By Michael Griffin, Coffee Research Institute
Although many cultivars of C. arabica exist, C. arabica cultivar Arabica (includes var. typica) and C. arabica var. bourbon (named from the island of Bourbon where it was first cultivated) are considered to be the first. The other cultivars are believed to be a product of these two cultivars. Bourbon coffee was brought to the Americas by the French where it flourishes to this day. Although these two cultivars are planted, there are several other cultivars that have a significant importance in the world.
Production and resistance generally governs the type of coffee that a farm will choose. Cup quality is a secondary factor most of the time.
Typica - This is the base from which many coffee cultivars have been developed. Like the other Arabica cultivars that have been developed from it, Typica plants have a conical shape with a main vertical trunk and secondary verticals that grow at a slight slant. Typica is a tall plant reaching 3.5-4 m in height. The lateral branches form 50-70° angles with the vertical stem. Typica has a very low production, but has an excellent cup quality.
Bourbon - Bourbon produces 20-30% more coffee than Typica, but less coffee than most cultivars. It has less of a conical shape than Typica, but has more secondary branches. The angles between the secondary branches and the main stem are smaller, and the branch points on the main stem are closely spaced. The leaves are broad and wavy on the edges. The fruit is relatively small and dense. The cherries mature quickly and are at a risk of falling off during high winds or rains. The best results for Bourbon are realized between 3,500-6,500 feet. Cup quality is excellent and similar to Typica.
Caturra - Caturra is a mutation of Bourbon discovered in Brazil. It is a mutation with high production and good quality, but requires extensive care and fertilization. It is short with a thick core and has many secondary branches. It has large leaves with wavy borders similar to Bourbon. It adapts well to almost any environment, but does best between 1,500-5,500 feet with annual precipitation between 2,500-3,500 mm. At higher altitudes quality increases, but production decreases.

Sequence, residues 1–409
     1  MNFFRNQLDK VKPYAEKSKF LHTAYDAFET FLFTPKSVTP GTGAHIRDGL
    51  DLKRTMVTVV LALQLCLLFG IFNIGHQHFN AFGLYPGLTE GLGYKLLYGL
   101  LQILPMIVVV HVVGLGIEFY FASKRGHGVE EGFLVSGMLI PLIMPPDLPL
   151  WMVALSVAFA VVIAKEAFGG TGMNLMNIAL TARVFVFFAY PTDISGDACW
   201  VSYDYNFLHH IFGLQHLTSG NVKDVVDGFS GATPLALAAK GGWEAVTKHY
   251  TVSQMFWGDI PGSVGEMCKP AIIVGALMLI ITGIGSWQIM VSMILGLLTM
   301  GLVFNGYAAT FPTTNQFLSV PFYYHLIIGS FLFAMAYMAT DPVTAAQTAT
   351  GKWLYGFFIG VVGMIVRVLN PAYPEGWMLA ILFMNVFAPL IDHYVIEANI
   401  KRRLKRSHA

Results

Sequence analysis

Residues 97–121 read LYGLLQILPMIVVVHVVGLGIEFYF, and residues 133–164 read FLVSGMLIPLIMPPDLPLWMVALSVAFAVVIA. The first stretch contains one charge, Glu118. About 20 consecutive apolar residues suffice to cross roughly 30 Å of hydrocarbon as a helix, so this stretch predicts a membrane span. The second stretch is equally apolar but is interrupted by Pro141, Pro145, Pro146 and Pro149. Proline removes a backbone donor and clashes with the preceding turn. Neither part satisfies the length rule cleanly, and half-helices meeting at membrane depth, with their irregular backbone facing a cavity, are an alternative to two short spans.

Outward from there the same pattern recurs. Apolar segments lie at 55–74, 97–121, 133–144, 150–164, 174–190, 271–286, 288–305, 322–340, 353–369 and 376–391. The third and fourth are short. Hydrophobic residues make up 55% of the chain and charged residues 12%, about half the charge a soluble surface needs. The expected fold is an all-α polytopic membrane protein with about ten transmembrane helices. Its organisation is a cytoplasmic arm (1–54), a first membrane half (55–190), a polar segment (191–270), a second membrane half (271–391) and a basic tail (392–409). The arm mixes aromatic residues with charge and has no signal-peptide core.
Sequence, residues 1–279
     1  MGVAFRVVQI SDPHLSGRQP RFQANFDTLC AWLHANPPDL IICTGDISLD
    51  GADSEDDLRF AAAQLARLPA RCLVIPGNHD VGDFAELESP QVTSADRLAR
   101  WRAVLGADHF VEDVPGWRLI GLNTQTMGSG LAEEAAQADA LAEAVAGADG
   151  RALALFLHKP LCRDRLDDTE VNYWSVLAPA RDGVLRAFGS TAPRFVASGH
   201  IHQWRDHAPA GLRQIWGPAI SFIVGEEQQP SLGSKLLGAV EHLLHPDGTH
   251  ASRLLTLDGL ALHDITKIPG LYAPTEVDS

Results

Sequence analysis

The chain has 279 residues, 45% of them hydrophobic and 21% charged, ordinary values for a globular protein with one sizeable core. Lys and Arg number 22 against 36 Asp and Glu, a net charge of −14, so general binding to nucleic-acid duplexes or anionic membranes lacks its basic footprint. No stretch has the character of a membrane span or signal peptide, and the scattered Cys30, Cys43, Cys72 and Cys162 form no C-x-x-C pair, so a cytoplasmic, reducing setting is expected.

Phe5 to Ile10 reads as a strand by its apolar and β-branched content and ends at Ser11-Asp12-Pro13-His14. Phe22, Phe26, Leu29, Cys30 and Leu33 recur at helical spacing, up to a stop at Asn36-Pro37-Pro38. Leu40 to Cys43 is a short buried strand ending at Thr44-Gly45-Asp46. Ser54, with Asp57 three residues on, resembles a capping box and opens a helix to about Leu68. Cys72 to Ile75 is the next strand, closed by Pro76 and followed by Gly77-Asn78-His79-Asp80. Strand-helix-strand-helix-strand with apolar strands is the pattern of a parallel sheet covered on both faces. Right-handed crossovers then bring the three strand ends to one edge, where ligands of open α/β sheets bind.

Catuai - Catuai is a high yielding plant resulting from a cross between Mundo Novo and Caturra. The plant is relatively short, and the lateral branches form close angles with the primary branches. The fruit does not fall off the branch easily, which is favorable with areas with strong winds or rain. Catuai also needs sufficient fertilization and care.
Pache comum - Pache comum is a mutation of Typica first observed on the farm El Brito, Santa Cruz Naranjo, Santa Rosa, Guatemala. Many consider the cup to be smooth or flat. This cultivar adapts well between 3,500-5,500 feet.
Pache colis - Pache colis was found in Mataquescuintla, Guatemala in a farm consisting of Caturra and Pache comum. The fruits are very large and the leaves are roughly textured. Pache colis provides some resistance to phoma. It has secondary and tertiary branching, and typically grows to 0.8-1.25 m. It adapts well to altitudes of 3,000-6,000 feet with temperatures between 20-21°C.
Catimor - Catimor is a cross between Timor (resistant to rust) and Caturra created in Portugal in 1959. Maturation is early and production is very high with yields equal to or greater than the yield of other commercial cultivars. For this reason the method of fertilization and shade must be monitored very closely. The Catimor T-8667 descendants are relatively small in stature, but have large fruits and seeds. The Catimor line T-5269 is strong and adapts will to lower regions between 2,000-3,000 feet with annual rainfall over 3,000 mm. T-5175 is very productive and robust, but can have problems at either very high or very low altitudes. At low altitudes there is almost no difference in cup quality between Catimor and the other commercial cultivars, but at elevations greater than 4,000 feet Bourbon, Caturra, and Catuai have a better cup quality.
Kent - Used for its high yield and resistance to coffee rust.
Mundo Novo - Natural hybrid between Typica and Bourbon that was first found in Brazil. The plant is strong and resistant to disease. Mundo Novo has a high production, but matures slightly later than other cultivars. It does well between 3,500-5,500 feet with an annual rainfall of 1,200-1,800 mm.
Maragogype - Mutation of Typica discovered in Brazil. The Maragogype plant is large and is taller than either Bourbon or Typica. Production is low, but the seeds are very large. Maragogype adapts best between 2,000-2,500 feet. The cup characteristics are highly appreciated in certain markets.
Amarello - This cultivar, as its name indicates, produces a yellow fruit. It is not widely planted.
Blue mountain - A famous cultivar favored for its resistance to the coffee berry disease and ability to thrive in high altitudes. Grown in Jamaica and now in Kona, Hawaii. This cultivar, however, cannot adapt to all climates and maintain its high quality flavor profile.